I am not sure whether there was such a thing as an owner's manual. Each boat had 'options' like tiller or wheel steering, engine type, etc...so there was probably no 'standard' type. I was told that there were 42 Offshore 28's produced though I recently heard reference to 60 being made. I have not followed up either of these claims.
The electrics panel on my 28 was replaced some years before I bought her and so I never saw the original wiring layout. The main wiring on mine is runs along the top of the insides of the galley cupboards on the starboard side. She has had several equipment additions and changes and it is difficult to know precisely what is original and what isnt. There is an electrical wiring box underneath the mast step which can be accessed by removing the square wooden cover in the ceiling of the heads. The wires are all labelled for the mast lights. Adjacent to this box is a plug for shore power similar to one on the bulkhead in the galley.
The swing keel mechanism would, I think, have come with some instructions. It is easy to access this via the box on the cockpit bulkhead and easy to work out once you operate it with the cover off. You need to be careful that you have the brake under control when lowering the keel otherwise there is a danger of losing the keel completely if the wire comes adrift. The cockpit 'stop' lever should be used whenever the keel is in the position you need but dont release it unless you have the brake engaged or have control over the lowering handle. The 'push-pull' rod inside the boat can be engaged as an additional measure though I think it only engages fully once for each revolution of the lifting gears and you cant see where unless you have the cover off. This rod may be a safety feature to stop a run-away keel, I am not sure and I would not like to test it! I recommend you open the box to inspect before testing out the mechanism. Trying to fish out a heavy keel from the bottom of a marina is not a good start to owning one of these! Interestingly, one owner said he sailed his boat without a swing keel quite successfully after losing his keel. The only problem was the inability to point really high into the wind.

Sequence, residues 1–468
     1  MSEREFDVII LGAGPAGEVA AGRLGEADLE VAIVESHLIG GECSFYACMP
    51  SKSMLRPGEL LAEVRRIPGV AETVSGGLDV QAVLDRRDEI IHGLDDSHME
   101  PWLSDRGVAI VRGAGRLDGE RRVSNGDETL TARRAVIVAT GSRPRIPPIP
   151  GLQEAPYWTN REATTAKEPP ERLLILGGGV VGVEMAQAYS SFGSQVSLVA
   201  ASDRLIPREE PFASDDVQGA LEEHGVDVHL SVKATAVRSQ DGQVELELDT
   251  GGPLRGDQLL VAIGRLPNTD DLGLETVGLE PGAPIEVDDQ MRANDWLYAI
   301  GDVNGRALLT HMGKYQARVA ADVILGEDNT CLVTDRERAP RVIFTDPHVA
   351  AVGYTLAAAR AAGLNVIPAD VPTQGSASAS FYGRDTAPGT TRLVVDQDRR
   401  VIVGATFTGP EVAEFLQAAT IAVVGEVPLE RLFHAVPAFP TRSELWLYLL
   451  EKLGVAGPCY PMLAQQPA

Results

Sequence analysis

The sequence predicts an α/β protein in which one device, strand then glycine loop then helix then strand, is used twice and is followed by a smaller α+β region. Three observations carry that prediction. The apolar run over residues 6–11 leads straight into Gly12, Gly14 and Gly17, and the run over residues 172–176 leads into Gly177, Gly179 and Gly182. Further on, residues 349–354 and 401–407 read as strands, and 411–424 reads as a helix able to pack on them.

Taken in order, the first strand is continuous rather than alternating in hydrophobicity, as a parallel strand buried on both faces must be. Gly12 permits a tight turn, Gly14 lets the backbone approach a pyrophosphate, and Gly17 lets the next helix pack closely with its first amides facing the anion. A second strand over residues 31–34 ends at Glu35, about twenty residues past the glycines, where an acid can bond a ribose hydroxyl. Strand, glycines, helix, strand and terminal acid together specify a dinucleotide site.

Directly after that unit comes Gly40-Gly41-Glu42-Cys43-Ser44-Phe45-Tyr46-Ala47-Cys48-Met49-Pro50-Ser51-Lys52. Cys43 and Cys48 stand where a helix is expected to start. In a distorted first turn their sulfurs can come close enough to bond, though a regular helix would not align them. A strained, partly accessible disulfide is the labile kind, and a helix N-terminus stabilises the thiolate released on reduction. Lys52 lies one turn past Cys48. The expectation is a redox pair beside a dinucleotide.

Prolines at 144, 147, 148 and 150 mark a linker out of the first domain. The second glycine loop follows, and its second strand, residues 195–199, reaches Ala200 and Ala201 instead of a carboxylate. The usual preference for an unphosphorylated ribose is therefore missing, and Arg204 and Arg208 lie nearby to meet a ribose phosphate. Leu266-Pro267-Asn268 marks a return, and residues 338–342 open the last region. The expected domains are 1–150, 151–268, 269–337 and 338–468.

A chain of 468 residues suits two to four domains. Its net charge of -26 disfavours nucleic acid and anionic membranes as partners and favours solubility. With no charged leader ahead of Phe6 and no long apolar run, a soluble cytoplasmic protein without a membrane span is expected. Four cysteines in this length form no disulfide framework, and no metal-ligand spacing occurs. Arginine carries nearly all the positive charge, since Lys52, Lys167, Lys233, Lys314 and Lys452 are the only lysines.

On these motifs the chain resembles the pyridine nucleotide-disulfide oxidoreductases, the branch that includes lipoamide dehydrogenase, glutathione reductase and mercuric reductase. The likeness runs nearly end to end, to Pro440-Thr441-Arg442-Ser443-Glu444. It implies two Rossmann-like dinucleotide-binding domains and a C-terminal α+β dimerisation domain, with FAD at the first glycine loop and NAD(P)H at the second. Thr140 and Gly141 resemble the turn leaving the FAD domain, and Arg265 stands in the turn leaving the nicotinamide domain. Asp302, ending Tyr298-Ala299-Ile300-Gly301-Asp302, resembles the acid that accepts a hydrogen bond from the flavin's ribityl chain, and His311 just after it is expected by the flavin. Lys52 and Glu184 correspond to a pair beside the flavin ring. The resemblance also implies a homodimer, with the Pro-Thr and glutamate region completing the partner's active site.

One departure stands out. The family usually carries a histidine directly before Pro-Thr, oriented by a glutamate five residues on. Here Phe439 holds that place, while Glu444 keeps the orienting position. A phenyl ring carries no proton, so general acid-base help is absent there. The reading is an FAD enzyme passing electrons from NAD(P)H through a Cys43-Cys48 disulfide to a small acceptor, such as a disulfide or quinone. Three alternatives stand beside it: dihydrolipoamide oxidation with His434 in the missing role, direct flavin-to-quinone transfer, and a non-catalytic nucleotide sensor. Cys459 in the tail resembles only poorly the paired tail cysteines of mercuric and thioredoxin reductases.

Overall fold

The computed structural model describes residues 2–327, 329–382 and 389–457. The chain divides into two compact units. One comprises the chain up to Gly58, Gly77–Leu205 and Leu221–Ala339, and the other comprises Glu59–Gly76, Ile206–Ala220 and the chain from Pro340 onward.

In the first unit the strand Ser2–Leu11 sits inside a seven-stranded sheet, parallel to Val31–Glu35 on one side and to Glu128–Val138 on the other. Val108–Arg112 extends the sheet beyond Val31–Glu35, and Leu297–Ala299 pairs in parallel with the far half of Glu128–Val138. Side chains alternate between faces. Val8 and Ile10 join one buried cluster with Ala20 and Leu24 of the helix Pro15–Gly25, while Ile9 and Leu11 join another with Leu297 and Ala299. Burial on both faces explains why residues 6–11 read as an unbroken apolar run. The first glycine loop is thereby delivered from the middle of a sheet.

Whatever navigation equipment was installed would have had manuals - nothing that Cheoy Lee would have drawn up. I found the Cheoy Lee Association website useful initially though there is not very much activity on it now. Nevertheless there are some good tips on restoration there and on the associated forum and I have had responses from other members. I contacted Jonathan Cannon at Cheoy Lee ([email protected]
) and had an immediate response from him to my questions and, as I had joined the CL Association, he also sent me a free Cheoy Lee cap! He was able to confirm from their records when my boat was built (July 1974) and that it was shipped to a dealer in Melbourne that month. I have had subsequent correspondence with him and found him to be very helpful.
I have only motored my boat so far as I need to have a competent crew on board for the test sail. The standing rigging needs some tuning and I am not experienced in those matters. Hopefully will be sailing during March.
Thanks for contacting me...let me see some photos of you boat and I will send you some of mine....easier to see the similarities rather that talking about them. All the best, Philip